BEIRUT Syrian rebels shelled Aleppo on Friday killing at least three people, media reported, as Syrian President Bashar al-Assad and his allies said the insurgents' withdrawal from the city could pave the way towards a political solution for the country.A day after the last rebels left their remaining pocket of territory in the city, the Syrian Observatory for Human Rights - a Britain-based war monitor - said about 10 shells fell in its southwestern al-Hamdaniya district.The Observatory said six people, including two children, were killed, while state television said at least three people died.In the capital Damascus, authorities said on Friday rebels had polluted the water with diesel, forcing it to cut the supply for a few days. Reserves would be used until the problem was resolved. Insurgents seeking to oust Syrian President Bashar al-Assad have frequently shelled the areas of Aleppo that have been under government control throughout the conflict, which began in 2011. The destruction in those parts of the city has been far less than in the eastern districts that rebels held until this month. The last of them left the city late on Thursday for countryside immediately to the west, under a ceasefire deal in which the International Committee of the Red Cross said about 35,000 people, mostly civilians, had departed.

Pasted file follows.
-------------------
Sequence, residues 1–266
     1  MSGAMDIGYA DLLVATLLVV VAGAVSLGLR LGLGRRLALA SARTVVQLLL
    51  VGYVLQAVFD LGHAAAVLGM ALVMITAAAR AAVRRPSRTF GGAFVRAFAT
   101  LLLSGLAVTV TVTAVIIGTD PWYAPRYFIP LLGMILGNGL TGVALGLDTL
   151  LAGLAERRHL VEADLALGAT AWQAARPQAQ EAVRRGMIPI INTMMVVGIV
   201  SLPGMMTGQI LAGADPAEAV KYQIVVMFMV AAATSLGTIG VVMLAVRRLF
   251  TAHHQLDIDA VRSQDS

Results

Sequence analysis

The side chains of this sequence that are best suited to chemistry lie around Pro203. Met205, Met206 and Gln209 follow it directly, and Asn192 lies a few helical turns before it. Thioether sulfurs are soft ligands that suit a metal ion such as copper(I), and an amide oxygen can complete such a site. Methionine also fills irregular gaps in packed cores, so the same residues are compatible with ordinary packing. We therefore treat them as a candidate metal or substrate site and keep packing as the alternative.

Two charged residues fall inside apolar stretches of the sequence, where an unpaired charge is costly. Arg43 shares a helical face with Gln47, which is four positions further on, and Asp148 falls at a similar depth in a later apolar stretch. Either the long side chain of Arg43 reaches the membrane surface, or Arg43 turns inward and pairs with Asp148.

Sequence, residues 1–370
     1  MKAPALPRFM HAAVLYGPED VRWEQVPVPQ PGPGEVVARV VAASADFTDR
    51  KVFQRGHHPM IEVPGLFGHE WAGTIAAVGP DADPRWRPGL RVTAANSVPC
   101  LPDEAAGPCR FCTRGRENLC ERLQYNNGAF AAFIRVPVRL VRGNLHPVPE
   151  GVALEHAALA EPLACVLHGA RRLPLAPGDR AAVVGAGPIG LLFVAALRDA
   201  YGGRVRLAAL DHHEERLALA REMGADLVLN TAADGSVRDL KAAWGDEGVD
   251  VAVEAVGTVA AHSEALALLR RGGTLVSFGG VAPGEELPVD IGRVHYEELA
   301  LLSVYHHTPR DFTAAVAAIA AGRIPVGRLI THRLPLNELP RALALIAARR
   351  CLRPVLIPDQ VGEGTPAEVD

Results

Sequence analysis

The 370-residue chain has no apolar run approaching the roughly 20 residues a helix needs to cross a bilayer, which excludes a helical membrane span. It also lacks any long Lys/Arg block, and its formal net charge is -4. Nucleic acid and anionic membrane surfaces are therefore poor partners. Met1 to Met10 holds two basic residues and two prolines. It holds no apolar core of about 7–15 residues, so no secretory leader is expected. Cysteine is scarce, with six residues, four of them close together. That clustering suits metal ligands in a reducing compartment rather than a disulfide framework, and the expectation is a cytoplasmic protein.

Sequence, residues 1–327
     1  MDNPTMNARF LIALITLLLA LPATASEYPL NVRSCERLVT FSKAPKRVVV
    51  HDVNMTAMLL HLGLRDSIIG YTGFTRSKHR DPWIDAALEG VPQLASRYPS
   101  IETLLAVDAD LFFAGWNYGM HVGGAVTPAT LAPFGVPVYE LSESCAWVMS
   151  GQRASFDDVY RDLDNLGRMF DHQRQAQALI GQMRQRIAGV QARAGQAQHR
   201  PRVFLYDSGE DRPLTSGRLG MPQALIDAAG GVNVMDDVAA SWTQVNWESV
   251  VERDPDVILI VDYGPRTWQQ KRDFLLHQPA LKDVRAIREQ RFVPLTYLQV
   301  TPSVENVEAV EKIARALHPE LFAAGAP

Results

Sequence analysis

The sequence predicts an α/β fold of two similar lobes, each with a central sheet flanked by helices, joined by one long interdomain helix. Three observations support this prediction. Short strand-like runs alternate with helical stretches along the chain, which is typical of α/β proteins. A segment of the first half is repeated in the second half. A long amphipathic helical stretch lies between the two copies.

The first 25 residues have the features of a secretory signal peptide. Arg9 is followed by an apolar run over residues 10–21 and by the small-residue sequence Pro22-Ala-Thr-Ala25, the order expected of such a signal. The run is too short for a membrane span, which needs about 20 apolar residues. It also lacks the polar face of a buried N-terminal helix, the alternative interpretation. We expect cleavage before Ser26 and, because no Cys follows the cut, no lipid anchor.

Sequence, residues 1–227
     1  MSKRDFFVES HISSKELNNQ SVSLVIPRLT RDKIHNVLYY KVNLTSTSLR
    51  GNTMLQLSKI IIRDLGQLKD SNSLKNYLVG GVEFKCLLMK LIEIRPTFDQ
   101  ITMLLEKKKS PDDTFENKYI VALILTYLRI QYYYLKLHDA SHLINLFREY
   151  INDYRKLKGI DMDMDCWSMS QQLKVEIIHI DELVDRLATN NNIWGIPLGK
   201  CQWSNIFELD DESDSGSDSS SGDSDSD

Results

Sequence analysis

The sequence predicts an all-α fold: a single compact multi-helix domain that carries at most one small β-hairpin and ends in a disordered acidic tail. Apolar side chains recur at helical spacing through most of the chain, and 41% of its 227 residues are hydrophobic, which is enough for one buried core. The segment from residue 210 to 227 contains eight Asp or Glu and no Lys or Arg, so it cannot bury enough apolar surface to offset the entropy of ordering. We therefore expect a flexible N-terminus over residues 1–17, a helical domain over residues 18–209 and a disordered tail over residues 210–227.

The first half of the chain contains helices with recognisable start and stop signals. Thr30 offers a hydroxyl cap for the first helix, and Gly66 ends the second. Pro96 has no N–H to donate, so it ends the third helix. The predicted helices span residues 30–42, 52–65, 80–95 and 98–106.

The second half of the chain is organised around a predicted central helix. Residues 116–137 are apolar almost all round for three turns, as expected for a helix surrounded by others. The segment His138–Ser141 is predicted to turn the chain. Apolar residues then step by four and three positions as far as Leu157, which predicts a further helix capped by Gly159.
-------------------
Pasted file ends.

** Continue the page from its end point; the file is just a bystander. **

Many of those who left the city are living as refugees in the areas to the west and south of Aleppo, including in Idlib province where bulldozers were used to clear heavy snowfall on Friday morning, the opposition Orient television showed. On Friday morning the army and its allies, including the Lebanese group Hezbollah, searched districts abandoned by the rebels to clear them of mines and other dangers, the Observatory reported. State television showed footage of the al-Ansari district, including empty streets lined with apartment blocks smashed by air strikes.
During the long struggle to re-take Aleppo, Assad's forces were supported by heavy Russian air strikes, Iran-backed militias and fighters from Iran-backed Shi'ite Hezbollah.On Friday Assad thanked Russian President Vladimir Putin for having been Syria's main partner in the battle, and said the city's fall had opened the door to a political process.
Putin said Russia, Iran, Turkey and Assad had agreed the Kazakh capital of Astana should be the venue for new peace negotiations, and Hezbollah leader Sayyed Hassan Nasrallah said the defeat of the rebels in the city could pave the way to a political solution.Turkey backs rebels fighting Assad and Islamic State.United Nations-backed peace talks in Geneva broke down earlier this year as violence escalated, particularly around Aleppo. (Reporting by Angus McDowall and Lisa Barrington; editing by John Stonestreet)
This story has not been edited by Firstpost staff and is generated by auto-feed.
Updated Date: Dec 24, 2016 01:31:59 IST